This is a guest post written by Rob Bennett, who blogs at A Rich Life. Although I can’t spend enough time on businesses that I’m not involved in to be a real “active” investor, I do follow major financial developments for my own enjoyment and this might be enough to tell when certain asset classes aren’t as good of an investment as they were in the past. Read on for Rob’s take on this!

Millions of middle-class workers are today wondering what happened to their retirement accounts. Investing in stocks wasn’t supposed to cause us to lose most of our life savings. There were studies showing that Passive Investing worked, weren’t there? There was historical data showing that, if we had to suffer through down markets, we would get the money back, no?

No. The historical data has never said any such thing. I’ve checked.

And, no, there are no studies giving any reasonable person cause to believe that Passive Investing (electing not to change your stock allocation even when prices go to insanely dangerous levels) could ever work in the real world. There are 30 years of studies showing just the opposite.

Given the extent of the losses we have suffered, there’s a temptation to conclude that we have all been taken in by a giant con. I don’t think that’s quite right either. I view that explanation as being too cynical.

It was all a great mistake. That’s the reality.

For many years, investors speculated about what was going to happen in the market over the next year or two and changed their stock allocations accordingly. That’s short-term timing.

There was research done in the 1960s and 1970s showing that short-term timing
does not work. This was breakthrough stuff. Lots of people got excited. A new model of understanding stock investing was developed. Passive Investing was born.
It wasn’t until the 1980s that we learned that we had jumped to a hasty conclusion in believing that not only short-term timing but also long-term timing do not work. The new research shows that 10-year stock returns are highly predictable and that long-term timing is REQUIRED for the long-term investor. You must lower your stock allocation when prices get out of control or you are likely to lose years and years of gain in a stock crash that may not come in a year or two but that is sure to come eventually.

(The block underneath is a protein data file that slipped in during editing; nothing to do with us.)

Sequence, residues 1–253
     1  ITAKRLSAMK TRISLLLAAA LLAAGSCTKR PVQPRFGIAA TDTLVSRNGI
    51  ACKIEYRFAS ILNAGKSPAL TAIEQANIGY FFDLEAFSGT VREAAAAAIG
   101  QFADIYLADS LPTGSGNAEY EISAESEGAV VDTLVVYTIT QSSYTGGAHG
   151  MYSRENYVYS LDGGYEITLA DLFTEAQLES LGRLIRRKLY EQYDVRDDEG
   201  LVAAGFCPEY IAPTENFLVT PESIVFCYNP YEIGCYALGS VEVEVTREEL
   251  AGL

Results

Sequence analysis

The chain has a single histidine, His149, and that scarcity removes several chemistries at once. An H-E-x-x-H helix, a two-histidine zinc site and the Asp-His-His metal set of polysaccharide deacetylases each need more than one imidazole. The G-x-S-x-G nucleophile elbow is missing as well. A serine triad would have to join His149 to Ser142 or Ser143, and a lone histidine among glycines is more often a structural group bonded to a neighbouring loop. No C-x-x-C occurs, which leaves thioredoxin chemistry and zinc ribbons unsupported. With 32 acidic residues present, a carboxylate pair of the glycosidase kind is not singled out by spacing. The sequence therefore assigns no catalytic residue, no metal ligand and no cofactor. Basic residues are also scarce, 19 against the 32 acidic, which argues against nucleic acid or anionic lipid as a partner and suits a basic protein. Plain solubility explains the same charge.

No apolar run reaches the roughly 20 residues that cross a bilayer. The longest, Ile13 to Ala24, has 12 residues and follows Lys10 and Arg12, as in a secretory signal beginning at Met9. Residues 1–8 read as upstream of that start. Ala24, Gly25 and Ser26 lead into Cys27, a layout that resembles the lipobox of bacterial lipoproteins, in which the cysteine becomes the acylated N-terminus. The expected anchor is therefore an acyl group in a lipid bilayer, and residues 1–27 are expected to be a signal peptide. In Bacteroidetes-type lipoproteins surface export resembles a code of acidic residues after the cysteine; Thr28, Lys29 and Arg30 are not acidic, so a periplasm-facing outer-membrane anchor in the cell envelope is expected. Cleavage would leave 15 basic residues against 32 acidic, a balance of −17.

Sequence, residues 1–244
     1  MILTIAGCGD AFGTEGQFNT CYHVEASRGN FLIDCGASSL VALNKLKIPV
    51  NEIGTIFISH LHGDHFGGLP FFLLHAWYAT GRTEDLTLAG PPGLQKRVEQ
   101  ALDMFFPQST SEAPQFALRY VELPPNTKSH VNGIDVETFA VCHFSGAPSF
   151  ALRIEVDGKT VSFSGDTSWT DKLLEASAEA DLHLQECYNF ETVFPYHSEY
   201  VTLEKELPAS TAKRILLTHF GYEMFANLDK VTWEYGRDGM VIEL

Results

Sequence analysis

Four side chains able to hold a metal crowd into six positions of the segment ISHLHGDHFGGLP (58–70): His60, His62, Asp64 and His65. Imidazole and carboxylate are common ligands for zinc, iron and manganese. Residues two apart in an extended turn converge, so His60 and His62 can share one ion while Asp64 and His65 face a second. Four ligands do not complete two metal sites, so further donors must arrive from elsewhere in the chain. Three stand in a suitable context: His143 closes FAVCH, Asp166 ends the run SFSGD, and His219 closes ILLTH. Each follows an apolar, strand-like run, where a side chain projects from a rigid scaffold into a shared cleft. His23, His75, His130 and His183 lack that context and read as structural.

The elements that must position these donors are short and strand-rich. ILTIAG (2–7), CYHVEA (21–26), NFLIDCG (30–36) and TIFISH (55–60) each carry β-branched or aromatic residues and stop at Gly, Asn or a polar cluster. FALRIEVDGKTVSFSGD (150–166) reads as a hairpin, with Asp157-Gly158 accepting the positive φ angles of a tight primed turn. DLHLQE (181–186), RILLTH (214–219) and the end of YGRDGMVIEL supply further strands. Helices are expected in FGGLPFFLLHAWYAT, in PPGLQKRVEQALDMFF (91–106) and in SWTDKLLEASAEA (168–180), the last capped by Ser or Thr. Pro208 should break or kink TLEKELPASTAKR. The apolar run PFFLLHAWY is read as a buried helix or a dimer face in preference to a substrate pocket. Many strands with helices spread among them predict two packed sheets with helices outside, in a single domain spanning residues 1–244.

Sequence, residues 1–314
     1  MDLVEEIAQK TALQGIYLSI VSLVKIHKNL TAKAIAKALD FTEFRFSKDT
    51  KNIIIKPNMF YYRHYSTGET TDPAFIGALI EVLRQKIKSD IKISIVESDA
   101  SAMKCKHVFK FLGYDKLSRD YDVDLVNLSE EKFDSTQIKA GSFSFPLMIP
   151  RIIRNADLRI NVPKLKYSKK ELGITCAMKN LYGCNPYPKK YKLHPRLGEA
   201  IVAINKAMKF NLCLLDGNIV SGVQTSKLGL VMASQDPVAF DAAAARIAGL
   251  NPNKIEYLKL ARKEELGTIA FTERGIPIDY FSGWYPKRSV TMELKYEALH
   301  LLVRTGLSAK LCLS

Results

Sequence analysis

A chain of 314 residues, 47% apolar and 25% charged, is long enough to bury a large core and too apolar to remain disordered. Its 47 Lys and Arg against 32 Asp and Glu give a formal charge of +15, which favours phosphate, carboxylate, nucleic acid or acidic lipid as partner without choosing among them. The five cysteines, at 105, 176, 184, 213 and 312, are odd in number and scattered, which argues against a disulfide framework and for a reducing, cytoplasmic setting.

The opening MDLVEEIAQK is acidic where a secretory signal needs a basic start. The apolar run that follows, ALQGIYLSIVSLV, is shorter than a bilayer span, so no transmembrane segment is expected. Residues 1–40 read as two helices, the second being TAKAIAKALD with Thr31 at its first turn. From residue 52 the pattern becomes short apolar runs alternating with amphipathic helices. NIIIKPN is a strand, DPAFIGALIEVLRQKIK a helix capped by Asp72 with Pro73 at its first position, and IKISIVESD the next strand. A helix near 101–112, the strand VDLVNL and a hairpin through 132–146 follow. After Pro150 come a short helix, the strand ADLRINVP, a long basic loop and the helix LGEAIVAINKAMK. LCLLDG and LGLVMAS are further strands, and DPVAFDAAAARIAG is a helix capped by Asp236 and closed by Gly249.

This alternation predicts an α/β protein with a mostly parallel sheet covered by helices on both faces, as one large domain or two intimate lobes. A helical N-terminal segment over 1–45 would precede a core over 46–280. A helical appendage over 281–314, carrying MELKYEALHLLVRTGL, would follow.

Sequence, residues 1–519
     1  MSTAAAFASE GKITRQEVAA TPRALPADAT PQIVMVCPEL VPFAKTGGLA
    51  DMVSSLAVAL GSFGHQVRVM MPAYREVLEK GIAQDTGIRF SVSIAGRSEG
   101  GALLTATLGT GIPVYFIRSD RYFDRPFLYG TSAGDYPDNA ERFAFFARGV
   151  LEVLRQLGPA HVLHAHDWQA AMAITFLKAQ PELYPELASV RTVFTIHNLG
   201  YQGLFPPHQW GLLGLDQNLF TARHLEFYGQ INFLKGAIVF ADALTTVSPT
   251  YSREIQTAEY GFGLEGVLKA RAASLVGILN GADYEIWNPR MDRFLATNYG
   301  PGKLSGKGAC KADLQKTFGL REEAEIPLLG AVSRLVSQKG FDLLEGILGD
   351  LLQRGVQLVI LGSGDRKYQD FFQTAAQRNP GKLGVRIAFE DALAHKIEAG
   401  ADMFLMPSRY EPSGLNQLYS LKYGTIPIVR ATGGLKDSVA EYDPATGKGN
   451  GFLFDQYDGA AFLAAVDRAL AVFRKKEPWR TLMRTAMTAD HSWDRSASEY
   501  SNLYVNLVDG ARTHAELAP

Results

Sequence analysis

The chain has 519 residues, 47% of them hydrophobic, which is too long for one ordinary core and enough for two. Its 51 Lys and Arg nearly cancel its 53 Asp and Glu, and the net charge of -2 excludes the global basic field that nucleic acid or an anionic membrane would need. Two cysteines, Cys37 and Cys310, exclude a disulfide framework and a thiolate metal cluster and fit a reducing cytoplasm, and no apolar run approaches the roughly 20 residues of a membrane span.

I can link you to scores of places where the new research is discussed. But rarely do
the big-name “experts” point out how critical it is to engage in long-term timing. A macho attitude prevails in InvestoWorld. The feeling is that any “expert” who acknowledges a mistake can no longer be viewed as a true expert.


The research that brought us Passive Investing is important research. Learning that short-term timing does not work truly was a breakthrough. But if we are going to turn investing into a science (and that is what we are doing when we use research into the historical data to inform our decisions) we are going to need to adopt more than the trappings of science.

Real scientists always remain open to new findings. Real scientists avoid dogma.
Real scientists don’t ignore their mistakes, they learn from them.

Passive Investing has failed us. It was a mistake. It has caused great human misery for millions.

It’s time to move on. This time, we need to encourage the Investing “experts” to
take a far more humble attitude in the presentation of their advice.

We know more today than we did 30 years ago or 50 years ago. But we still do not even come close to knowing it all. Let’s work hard as we try to pull ourself out of the wreckage of the Passive Investing avalanche  not to repeat the oldest mistake of them all — forgetting that Pride Comes Before a Fall.

For more of Rob’s articles and postcasts, see his blog A Rich Life. What do you think – are you sticking to passive investing or trying to second-guess the market wisdom?